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Old 08-19-20, 12:21 PM
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In the early to mid 80's the 400 range were Taiwan made frames which were shipped to Wisconsin and aligned and finished. On the 500 range at that time had main triangles made of 501 and were made in Wisconsin but the rear triangles were imported and brazed to the main frame in Wisconsin. The forks for both the 400 and 500 ranges were imported raw with alignment and finishing happening in Wisconsin. During that time TREK was best know for their expertise in building touring bikes and were building their reputation for racing bike. Those bikes were build more in line with long distance riding as the had lower bottom brackets and a little less upright seat and head tubes. Most racing bikes of that era were geared toward criteriums, with higher bottom brackets and steeper angles. My 1983 957 was one of my favorite century bikes that I've ever owned.
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Old 08-19-20, 12:43 PM
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Hmmm..... I had a 1987 Trek 560 Pro series that never really grew on me. Seemed plenty fast on the first rides but it was a bit twitchy for me and felt harsh on the roads most of the time compared to several of my other bikes. And yet it was certainly flexy around the bottom bracket area as I always had trouble with the FD when I stood and got on it. The lugs were love/hate, very thick and industrial looking. Not the beautifully graceful, thinned lugs you get from so many of the master builders. Wound up passing it on locally. It just didn't do anything for me really and I kept passing it over and grabbing another bike.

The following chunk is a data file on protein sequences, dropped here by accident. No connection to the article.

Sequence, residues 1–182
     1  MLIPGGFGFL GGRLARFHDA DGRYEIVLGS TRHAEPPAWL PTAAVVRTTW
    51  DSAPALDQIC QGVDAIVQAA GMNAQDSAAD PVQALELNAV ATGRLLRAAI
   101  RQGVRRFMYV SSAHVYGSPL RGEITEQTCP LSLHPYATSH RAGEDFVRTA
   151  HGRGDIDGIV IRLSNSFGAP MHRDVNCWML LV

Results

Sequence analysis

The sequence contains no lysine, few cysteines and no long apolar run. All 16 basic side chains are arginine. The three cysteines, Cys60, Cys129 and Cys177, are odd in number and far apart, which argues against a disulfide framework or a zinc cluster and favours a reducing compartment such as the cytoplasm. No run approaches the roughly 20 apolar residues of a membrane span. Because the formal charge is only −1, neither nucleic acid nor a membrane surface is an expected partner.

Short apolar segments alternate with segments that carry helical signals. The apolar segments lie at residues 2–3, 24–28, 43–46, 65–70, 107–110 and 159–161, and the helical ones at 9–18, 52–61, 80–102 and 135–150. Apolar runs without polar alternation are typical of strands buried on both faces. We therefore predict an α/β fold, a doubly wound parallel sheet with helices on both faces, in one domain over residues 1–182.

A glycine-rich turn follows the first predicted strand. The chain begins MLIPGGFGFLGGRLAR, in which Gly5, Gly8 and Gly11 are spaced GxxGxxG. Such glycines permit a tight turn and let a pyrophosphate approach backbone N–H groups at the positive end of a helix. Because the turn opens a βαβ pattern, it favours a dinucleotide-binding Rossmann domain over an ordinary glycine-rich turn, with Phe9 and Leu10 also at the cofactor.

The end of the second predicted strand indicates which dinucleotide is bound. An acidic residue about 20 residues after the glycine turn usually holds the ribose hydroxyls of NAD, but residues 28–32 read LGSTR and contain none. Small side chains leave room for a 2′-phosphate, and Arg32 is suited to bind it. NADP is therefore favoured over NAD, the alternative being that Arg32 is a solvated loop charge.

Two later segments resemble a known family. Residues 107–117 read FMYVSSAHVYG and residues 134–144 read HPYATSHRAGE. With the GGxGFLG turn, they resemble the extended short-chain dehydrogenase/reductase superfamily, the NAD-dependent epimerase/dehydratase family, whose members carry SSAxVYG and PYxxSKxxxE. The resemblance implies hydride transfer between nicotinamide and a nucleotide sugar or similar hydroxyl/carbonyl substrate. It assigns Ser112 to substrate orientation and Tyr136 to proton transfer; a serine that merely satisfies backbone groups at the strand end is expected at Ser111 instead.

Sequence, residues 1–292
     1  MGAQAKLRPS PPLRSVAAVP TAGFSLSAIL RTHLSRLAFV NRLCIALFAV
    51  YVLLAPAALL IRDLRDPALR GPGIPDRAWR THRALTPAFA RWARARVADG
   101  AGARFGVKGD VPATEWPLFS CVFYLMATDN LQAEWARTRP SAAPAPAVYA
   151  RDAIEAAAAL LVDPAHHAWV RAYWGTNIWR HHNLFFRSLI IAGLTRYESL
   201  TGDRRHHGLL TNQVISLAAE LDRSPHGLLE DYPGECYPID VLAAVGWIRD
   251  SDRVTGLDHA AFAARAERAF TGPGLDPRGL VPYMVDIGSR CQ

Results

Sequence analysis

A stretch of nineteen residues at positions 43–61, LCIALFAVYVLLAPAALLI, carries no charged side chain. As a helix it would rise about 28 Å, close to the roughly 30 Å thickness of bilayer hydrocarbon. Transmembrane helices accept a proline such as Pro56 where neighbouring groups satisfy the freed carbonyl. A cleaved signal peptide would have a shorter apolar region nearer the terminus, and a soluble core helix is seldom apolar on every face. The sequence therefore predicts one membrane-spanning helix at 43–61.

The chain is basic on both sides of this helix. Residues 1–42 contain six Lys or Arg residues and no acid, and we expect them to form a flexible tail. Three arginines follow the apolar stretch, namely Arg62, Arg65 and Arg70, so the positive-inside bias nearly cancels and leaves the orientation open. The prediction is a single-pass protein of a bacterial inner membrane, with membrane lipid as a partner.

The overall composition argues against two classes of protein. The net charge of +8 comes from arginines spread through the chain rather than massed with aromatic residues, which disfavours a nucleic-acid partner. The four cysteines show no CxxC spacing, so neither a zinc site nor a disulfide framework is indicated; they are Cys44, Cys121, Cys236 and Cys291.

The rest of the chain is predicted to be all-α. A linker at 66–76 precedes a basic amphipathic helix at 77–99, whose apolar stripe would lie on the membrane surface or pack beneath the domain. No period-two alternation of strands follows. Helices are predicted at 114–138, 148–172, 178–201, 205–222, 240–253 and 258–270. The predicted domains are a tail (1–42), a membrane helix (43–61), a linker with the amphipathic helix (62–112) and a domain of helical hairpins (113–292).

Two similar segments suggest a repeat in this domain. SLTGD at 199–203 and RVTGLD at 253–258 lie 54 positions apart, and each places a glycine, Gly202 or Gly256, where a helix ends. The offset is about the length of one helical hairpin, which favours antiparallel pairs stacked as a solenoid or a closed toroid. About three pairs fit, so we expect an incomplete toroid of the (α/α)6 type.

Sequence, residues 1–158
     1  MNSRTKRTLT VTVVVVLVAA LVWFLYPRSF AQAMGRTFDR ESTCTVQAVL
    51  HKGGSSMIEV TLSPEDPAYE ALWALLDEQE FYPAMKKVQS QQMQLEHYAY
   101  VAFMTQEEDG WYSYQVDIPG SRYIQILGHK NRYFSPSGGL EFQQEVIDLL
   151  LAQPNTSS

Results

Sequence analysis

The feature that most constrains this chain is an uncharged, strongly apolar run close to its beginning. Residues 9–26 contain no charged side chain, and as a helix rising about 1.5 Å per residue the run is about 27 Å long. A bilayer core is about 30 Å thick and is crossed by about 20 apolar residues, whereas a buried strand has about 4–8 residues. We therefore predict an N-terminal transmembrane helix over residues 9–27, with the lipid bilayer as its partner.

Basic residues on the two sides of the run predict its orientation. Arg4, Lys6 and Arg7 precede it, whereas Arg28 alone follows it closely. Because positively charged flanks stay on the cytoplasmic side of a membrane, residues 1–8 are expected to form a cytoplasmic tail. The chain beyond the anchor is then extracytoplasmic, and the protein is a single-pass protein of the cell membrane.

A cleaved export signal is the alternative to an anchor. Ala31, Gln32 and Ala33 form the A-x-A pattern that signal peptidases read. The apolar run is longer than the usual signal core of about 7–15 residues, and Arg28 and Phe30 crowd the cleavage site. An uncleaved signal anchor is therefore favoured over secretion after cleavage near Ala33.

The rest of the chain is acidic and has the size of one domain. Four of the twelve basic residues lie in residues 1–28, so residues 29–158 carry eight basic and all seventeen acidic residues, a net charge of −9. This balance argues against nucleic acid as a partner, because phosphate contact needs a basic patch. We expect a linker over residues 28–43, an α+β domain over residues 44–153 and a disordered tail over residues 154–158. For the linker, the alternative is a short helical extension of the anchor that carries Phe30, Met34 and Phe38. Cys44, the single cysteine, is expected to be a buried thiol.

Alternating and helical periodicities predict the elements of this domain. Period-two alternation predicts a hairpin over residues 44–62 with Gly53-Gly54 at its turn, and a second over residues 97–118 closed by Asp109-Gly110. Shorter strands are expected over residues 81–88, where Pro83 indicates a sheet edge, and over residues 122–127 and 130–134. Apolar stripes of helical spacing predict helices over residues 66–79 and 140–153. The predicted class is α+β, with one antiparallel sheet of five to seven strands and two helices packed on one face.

This is how it looked when I sold it. I got bored one night and lined the lugs with a white paint pen.
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Old 08-19-20, 12:47 PM
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Originally Posted by jamesdak View Post
Hmmm..... I had a 1987 Trek 560 Pro series that never really grew on me. Seemed plenty fast on the first rides but it was a bit twitchy for me and felt harsh on the roads most of the time compared to several of my other bikes. And yet it was certainly flexy around the bottom bracket area as I always had trouble with the FD when I stood and got on it. The lugs were love/hate, very thick and industrial looking. Not the beautifully graceful, thinned lugs you get from so many of the master builders. Wound up passing it on locally. It just didn't do anything for me really and I kept passing it over and grabbing another bike.